Just how the Fairfax press hopes to lay claim to being a source of so-called quality journalism with its July 16 editorial, Time to tighten the screws on Syria's Assad, is beyond me:
"Another massacre has reportedly been carried out in Syria, possibly bigger than anything before in an uprising turning steadily into a civil war. Accounts relayed from the Sunni opposition say it followed a familiar pattern: bombardment of a rebellious village by the Assad government's helicopter gunships and tanks, then Shiite militiamen sent in with guns and knives to finish off survivors. The work of 'terrorists', says the government. The truth will gradually emerge, but is an imperfect picture."
That's July 16. And yet, the same issue contains a July 14 New York Times report that completely contradicts the preceding paragraph:
"New details emerging Saturday about what local Syrian activists called a massacre of civilians near the central city of Hama indicated that it was more likely an uneven clash between the heavily armed Syrian military and local fighters bearing light weapons." (Young fighters, not civilians, the victims of slaughter in Syria, Neil MacFarquhar)
Now where did those knife-weilding Shiite (Shiite for God's sake?) militiamen go?
OK, so Asad's biggest massacre yet, complete with shelling, shabiha and helicopter gunships, has been whittled down in the same issue to just another clash between the Syrian army and the armed opposition. And yet, on the basis of this hyped version of events in the village of Tremseh, drawn presumably from such oracles of truth as the Saudi/Qatari-funded Syrian Muslim Brotherhood and the Ziocon-linked Syrian Observatory for Human Rights,* the editorialist sees fit to launch into the following bizarre speculation:
"Already the shape of a worldwide violent schism in Islam, akin to the Reformation wars in medieval Christendom, can be visualised. As far afield as East Java in Indonesia, where Shiites are being jailed for heresy, or Mali, where ancient folk shrines to Islamic saints are being demolished, those who believe they hold to purity of belief are exerting their oppressive ways. Syria is the emerging vortex of this sectarian war, threatening to spill conflict into neighbouring Turkey, Lebanon, Iran and Iraq - and with Israel and the Palestinians nervous close onlookers."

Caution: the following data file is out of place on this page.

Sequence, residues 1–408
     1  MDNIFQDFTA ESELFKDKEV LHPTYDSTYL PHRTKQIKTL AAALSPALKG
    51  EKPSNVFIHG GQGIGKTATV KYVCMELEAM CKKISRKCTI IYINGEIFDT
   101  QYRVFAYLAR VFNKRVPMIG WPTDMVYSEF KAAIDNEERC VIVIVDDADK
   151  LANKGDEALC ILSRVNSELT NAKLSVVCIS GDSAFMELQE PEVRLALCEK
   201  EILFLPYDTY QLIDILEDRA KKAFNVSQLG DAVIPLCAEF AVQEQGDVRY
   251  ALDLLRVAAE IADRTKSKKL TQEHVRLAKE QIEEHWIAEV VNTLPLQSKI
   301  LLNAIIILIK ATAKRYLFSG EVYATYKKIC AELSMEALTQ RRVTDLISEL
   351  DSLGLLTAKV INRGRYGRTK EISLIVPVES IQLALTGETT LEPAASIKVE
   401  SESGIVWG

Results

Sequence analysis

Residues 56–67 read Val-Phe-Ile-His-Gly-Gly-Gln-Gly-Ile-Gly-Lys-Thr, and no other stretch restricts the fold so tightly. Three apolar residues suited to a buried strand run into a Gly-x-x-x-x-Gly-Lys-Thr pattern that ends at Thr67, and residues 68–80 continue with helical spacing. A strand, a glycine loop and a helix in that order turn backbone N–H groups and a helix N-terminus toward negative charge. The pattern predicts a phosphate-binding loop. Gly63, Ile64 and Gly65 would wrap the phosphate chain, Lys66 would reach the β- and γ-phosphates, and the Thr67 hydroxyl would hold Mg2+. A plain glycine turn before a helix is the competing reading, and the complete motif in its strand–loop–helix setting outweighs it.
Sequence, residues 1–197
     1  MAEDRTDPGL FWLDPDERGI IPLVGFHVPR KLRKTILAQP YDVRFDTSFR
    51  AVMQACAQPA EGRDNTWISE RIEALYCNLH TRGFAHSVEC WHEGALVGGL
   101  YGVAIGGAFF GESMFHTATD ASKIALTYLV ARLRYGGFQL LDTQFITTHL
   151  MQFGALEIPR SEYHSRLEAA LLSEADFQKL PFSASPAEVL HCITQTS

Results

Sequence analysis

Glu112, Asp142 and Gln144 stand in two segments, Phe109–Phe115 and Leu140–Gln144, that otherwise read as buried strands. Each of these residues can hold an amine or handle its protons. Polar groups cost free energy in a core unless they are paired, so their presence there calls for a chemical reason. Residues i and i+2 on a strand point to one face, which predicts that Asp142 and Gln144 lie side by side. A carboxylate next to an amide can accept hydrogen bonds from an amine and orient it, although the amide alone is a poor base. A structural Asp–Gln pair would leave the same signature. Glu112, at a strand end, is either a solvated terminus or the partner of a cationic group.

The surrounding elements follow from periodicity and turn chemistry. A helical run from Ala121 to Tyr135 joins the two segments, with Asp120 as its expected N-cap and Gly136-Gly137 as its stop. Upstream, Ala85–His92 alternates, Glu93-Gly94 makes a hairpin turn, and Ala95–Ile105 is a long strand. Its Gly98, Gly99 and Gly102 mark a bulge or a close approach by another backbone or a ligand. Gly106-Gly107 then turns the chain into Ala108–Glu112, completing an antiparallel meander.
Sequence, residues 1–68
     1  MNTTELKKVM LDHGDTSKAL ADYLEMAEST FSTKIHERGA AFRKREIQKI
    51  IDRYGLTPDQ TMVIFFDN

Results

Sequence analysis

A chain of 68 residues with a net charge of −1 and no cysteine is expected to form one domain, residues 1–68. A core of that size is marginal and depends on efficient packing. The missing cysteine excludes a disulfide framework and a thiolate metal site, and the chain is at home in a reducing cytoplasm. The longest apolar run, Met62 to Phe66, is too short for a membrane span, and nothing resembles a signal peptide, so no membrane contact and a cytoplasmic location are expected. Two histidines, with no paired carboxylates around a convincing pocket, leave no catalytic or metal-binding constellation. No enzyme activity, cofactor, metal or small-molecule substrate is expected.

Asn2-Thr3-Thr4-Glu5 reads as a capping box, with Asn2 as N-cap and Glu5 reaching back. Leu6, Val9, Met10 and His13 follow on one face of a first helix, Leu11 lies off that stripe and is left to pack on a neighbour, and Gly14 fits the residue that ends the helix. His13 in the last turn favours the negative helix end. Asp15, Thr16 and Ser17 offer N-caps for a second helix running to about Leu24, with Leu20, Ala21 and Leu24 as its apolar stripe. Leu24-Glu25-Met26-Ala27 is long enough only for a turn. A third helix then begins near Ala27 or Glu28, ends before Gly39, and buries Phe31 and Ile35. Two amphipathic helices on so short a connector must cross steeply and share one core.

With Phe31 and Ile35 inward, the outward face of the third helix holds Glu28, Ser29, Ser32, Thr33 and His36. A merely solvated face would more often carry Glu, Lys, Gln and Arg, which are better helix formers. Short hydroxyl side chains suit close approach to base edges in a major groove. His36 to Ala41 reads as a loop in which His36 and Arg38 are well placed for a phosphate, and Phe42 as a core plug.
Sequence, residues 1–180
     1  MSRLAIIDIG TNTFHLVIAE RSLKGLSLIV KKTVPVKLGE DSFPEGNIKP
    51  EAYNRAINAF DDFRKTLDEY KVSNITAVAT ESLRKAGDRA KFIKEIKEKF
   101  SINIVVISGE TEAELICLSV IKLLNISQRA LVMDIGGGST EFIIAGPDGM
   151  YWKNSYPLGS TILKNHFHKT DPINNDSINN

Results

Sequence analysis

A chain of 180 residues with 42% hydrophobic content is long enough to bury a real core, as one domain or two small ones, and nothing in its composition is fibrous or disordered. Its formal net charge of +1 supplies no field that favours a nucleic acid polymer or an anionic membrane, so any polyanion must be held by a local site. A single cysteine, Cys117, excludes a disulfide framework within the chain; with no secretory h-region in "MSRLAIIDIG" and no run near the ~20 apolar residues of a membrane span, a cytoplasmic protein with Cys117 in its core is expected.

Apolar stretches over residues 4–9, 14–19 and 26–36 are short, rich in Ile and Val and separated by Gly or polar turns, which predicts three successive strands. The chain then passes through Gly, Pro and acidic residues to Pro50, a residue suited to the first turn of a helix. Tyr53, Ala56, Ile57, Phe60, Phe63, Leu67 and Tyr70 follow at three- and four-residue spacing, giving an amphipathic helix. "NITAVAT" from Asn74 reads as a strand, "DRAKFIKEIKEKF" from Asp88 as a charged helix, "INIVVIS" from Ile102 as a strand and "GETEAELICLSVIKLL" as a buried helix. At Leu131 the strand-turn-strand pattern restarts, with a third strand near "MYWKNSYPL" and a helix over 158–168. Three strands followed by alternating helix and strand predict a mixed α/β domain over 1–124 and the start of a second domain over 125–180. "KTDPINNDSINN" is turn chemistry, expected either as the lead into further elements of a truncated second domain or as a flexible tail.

Where do I begin?
First the obvious historical errors: 1) The Reformation wasn't "in medieval Christendom" (5th-15th centuries), it followed it (16th century); 2) We are not today witnessing a "schism" in Islam. The split between Sunni and Shia Islam occurred as long ago as the 7th century.
Anyway, what I can't quite get my poor old head around here is that if Asad is the target of the editorial, why is the editorialist blathering on about those who "hold to purity of belief" and are "exerting their oppressive ways"? Obviously, he can't mean the secular, multi-confessional Ba'athist regime of Asad, oppressive though it undoubtedly is. (After all he talks elsewhere about "Syrian Christians clinging to [Asad's] regime out of fear of what Sunni dominance and the influential Muslim Brotherhood might bring.") So is he hush hush about the armed and highly sectarian Salafite/Muslim Brotherhood opposition to Asad because this would contradict his call for tightening the screws on Asad?
Truly this is undergraduate stuff.
Finally, and so predictably for a Fairfax outlet, there's the area's always innocent bystander, Israel, off on the side, nervously fretting over the carnage across the border. The cluelessness is complete.
So what to do? Join the party, of course:
"As much as the Western powers are weary of intervention in the Islamic world, the time has approached for force to be more closely considered."
Now don't you just love that bit about the "Western powers [being] weary of intervention in the Islamic world"?
My God, is the lion weary of preying on the wildebeest? Is the great white shark weary of lunging at the surfer? Is heat hot? From what far-flung galaxy does our editorialist hail?
Take it away, Gina! Someone! Anyone!
[*See The Syrian opposition: who's doing the talking? Charlie Skelton, The Guardian, 12/7/12.]